The announcement was made today in New York City during the Progress Against Malaria symposium hosted by JHMRI and the New York Academy of Sciences. Founded in 2001as a state-of-the-art malaria research facility, JHMRI has 19 full-time faculty dedicated to the search for medical and scientific breakthroughs in malaria prevention and treatment by advancing basic science along every stage of the malaria parasite lifecycle. Agre will succeed Diane E. Griffin, MD, who has led JHMRI since it was first established. She will continue to chair the Bloomberg Schools W. Harry Feinstone Department of Molecular Microbiology and Immunology.
Peter Agre is a great scientist and a great human being. His innovative research into the molecular biology of malaria parasites, as well as his ability to lead collaborations, makes him an ideal candidate to direct the Malaria Research Institute, said Michael J. Klag, MD, MPH, dean of the Bloomberg School of Public Health. He has the universal respect and admiration of those who know him. His advocacy for human rights fits well with the mission of the Bloomberg School.
In 2003, Agre shared the Nobel Prize in Chemistry with Roderick MacKinnon for his discovery of aquaporinschannels that regulate and facilitate water molecule transport through cell membranes, a process essential to all living organisms. In 2004, Agre turned his research attention toward malaria when he was awarded a pilot grant from JHMRI.
Sometimes in a career, there are pathways you never fully get to explore. A leadership position is one way to do good things for younger scientists. I hope to do this by increasing the visibility of their work, connecting them with other scientists around the world, and reducing barriers to their achievement of success, said Agre. He has always felt an interest in diseases affecting the developing world, said Agre. Malaria is a scourge that kills more than one million people each year, many of them children.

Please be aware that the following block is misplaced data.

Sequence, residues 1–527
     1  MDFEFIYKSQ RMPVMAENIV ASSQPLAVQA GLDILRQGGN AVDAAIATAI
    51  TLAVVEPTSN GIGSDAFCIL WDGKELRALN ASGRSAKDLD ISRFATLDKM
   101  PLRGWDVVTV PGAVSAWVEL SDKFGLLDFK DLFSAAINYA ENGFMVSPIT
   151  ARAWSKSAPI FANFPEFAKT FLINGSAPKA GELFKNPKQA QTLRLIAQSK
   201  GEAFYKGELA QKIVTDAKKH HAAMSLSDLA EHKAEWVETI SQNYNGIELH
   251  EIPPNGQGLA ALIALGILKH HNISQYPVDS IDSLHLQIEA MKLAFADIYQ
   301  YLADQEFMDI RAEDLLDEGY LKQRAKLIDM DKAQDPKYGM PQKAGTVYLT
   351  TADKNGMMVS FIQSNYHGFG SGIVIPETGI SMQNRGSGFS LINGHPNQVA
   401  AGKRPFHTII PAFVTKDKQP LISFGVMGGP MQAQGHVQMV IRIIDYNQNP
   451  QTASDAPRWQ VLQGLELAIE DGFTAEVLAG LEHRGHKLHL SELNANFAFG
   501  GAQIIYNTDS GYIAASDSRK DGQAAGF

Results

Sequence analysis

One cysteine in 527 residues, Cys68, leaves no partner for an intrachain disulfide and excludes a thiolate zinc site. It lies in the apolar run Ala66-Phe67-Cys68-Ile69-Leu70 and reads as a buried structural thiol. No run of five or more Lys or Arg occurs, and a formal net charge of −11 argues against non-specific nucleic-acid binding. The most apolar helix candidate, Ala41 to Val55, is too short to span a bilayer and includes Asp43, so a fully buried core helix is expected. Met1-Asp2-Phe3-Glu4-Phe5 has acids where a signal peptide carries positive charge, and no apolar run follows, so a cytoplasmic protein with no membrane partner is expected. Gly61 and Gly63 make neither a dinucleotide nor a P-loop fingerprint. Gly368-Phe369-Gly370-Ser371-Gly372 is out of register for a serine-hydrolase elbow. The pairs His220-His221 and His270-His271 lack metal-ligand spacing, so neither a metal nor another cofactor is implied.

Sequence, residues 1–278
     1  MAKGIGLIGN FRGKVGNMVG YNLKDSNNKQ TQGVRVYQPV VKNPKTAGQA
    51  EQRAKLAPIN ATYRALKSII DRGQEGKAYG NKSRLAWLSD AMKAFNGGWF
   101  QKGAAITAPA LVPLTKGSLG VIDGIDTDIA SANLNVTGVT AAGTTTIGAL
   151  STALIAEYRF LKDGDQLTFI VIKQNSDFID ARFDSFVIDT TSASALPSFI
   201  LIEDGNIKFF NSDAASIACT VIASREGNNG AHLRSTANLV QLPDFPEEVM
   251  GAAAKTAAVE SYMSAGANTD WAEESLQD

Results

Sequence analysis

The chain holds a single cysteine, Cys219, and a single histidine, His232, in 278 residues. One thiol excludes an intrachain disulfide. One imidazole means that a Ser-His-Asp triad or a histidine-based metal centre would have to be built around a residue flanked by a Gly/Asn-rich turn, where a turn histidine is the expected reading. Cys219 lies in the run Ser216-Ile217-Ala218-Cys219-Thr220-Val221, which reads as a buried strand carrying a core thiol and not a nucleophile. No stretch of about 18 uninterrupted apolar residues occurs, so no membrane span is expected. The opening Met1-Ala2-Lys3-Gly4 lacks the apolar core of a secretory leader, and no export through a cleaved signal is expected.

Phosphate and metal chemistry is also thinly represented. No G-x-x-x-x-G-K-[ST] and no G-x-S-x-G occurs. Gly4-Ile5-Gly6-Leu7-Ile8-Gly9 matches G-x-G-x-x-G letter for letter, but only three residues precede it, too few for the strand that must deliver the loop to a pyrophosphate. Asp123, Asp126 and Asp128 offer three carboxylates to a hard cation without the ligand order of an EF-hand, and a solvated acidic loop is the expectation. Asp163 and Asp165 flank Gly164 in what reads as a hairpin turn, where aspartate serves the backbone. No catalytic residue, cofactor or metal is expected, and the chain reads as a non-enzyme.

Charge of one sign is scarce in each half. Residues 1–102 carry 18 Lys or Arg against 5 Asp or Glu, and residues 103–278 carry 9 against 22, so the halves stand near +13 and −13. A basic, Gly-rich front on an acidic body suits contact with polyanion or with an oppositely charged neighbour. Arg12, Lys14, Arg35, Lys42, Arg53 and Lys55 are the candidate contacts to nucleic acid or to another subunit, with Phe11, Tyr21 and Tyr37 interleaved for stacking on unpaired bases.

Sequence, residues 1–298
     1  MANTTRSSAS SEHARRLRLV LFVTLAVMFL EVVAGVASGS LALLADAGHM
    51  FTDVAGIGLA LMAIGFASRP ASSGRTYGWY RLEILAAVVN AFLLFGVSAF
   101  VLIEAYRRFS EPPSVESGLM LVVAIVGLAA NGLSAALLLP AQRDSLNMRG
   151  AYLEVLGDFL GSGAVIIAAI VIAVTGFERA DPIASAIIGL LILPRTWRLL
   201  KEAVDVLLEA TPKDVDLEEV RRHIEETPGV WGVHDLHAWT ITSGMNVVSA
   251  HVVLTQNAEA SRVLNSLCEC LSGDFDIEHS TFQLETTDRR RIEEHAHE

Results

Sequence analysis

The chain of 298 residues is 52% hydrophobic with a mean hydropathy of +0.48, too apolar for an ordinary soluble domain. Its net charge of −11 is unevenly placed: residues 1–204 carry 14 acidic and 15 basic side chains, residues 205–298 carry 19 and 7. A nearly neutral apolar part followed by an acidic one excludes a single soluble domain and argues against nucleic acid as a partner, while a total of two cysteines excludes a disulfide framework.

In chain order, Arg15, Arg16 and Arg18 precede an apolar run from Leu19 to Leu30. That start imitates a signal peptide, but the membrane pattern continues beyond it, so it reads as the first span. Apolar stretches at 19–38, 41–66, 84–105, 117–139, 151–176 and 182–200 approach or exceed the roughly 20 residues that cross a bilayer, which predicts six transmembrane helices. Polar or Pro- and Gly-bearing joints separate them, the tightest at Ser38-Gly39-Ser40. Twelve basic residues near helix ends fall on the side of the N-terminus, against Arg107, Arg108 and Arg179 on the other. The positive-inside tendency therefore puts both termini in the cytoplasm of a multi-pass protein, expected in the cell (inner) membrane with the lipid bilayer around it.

A major part of the parasites lifecycle is in red blood cells, so Agres background as a hematologist and red-blood-cell membrane biochemist has the potential to be very useful. Agre is currently examining whether aquaporins within the malaria-causing parasite Plasmodium could be utilized to disrupt its lifecycle.
Agre will remain a professor of cell biology and medicine and a senior advisor to the Chancellor for Health Affairs at Duke University, where he will maintain a laboratory and continue some of his current duties. He also will lead development of a consortium of malaria researchers at JHMRI and those at Duke and in Triangle region of North Carolina.
Born in Northfield, Minn., in 1949, Agre attended Theodore Roosevelt High School, and in 1970 earned his bachelor's degree in chemistry from Augsburg College in that city. He received his medical degree from the Johns Hopkins School of Medicine in 1974. In 1981, after post-graduate medical training and a fellowship at the University of North Carolina at Chapel Hill, Agre returned to Hopkins, where he progressed through the ranks of the departments of medicine and cell biology. In 1993, he became a professor in the department of biological chemistry at the School of Medicine. In 2005, he joined Duke University Medical Center as Vice Chancellor for Science and Technology.
Agre was elected to membership in the National Academy of Sciences in 2000 and to the American Academy of Arts and Sciences in 2003. He holds two U.S. patents on the isolation, cloning and expression of aquaporins 1 and 5 and is the principal investigator on four current National Institutes of Health grants.